In 1997 a commemorative medal was produced to mark the 90th anniversary of the visit. The obverse depicts the portrait of King Chulalongkorn and King Haakon and the reverse shows King Chulalongkorn standing with his entourage around the large rock at North Cape on which he had engraved his name to commemorate his visit.

Today the rock can be seen at the Thai Museum at North Cape. The medal was produced in collaboration between the Royal Thai Mint and the Royal Norwegian Mint. At the Eur-Seree auction, one large 42 mm silver medal is offered with a starting price of 7,000 Baht.

The banknote with the highest starting price of 600,000 Baht is a 1,000 Baht note produced by Thomas de la Rue & Company Limited, London. The note arrived in Thailand in 1952, but for various reasons was never put in circulation. The speculated reason is, probably that some thought a bank note with such a high denomination would lead to inflation. Out of the 500,000 notes printed about 100 were kept as samples. The rest were destroyed by incineration.

A very popular series of coins is the 2000 Millennium “Year of Dragon” coins. A 5 ounce 200 Baht coin produced by The Singapore Mint is also featured in the sale. On the obverse is the portrait of the HM King Bhumibol Adulyadej and on the reverse is a colourful design with dragons. The starting price is 70,000 Baht.

4 Baht 1864 commemorative coin and Tamlung bullet coin

The 4 Baht 1864 commemorative coin.

The 4 Baht Tamlung, Pod Fuang or bullet coin with Mongkut and Chakra.

Up to the year 2000, the 4 baht 1864 with a diameter of 45 mm was the largest flat coin produced for Thailand.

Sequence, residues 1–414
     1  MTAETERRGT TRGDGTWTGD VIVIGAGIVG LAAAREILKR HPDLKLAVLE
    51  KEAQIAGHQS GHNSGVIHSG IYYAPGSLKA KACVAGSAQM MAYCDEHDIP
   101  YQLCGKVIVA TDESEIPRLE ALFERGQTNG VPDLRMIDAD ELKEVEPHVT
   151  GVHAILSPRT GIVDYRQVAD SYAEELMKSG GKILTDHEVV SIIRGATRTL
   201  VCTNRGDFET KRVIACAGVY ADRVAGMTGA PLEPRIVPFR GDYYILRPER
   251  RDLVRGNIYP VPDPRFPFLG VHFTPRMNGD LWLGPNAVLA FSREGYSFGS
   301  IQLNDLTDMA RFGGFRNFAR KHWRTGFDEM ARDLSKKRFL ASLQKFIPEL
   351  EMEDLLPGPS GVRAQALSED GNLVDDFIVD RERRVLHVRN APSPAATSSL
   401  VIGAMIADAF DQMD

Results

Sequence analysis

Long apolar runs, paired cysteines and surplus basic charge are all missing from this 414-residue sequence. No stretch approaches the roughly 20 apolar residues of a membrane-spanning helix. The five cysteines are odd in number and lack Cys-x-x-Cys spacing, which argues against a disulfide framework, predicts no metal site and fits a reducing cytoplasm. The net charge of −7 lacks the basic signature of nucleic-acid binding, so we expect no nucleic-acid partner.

In 2000 A.D. the slightly larger Millennium coins were produced by the Singapore Mint for Thailand. They were the 65 mm Silver 200 Baht and the 55 mm Gold 2,500 Baht coins.

The 4 Baht 1864 coin was struck in gold and silver to commemorate the 60th Birthday of King Mongkut, Rama IV. The coins were used for presentation purposes and the King also permitted them to be used for decorations.

On the obverse of the 4 Baht coin there is the Crown with rays flanked with umbrellas with three branches in the background, and bordered by 32 stars, each star representing one Fuang (1/8 Baht).

The reverse has the inscription, Krung Siam enclosed within a frame and the Chinese legend Cheng Ming Tung Pao outside the frame. “Cheng Ming” is the name of King Rama IV in Chinese and “Tung Pao” means “lawful money”. There are two types; one with the double-lined frame and dots around the rim, and the other with a single-lined frame without dots.

The descriptions of the obverse and reverse are from the book “Coinage of the Rattanakosin era 1782-1982 AD”.

The gold 4 Baht coin is very rare and during the last 30 years only a few transactions have taken place. One collector had two pieces in his collection bought during the last 30 years. He later sold both sets, one by private treaty and one in an auction sale.

The 4 baht coin turns up in auctions from time to time. The price is varied, based on the quality. The prices I have seen have been from 300,000 Baht to 500,000 Baht. For a 4 Baht coin in perfect condition the price might be considerably higher. Because of the size and weight, a little more than 60 grams, this coin is considered a broad thaler.

If one would like a Thai 4 Baht coin in their collection, the alternative would be to buy a 4 Baht Tamlung, Pod Fuang or bullet coin also issued during the reign of King Mongkut, Rama 4. This very nice coin is from 1851 and originally struck for the coronation of Rama IV. The price of this bullet coin is from 50,000 Baht to 150,000 Baht depending on the quality.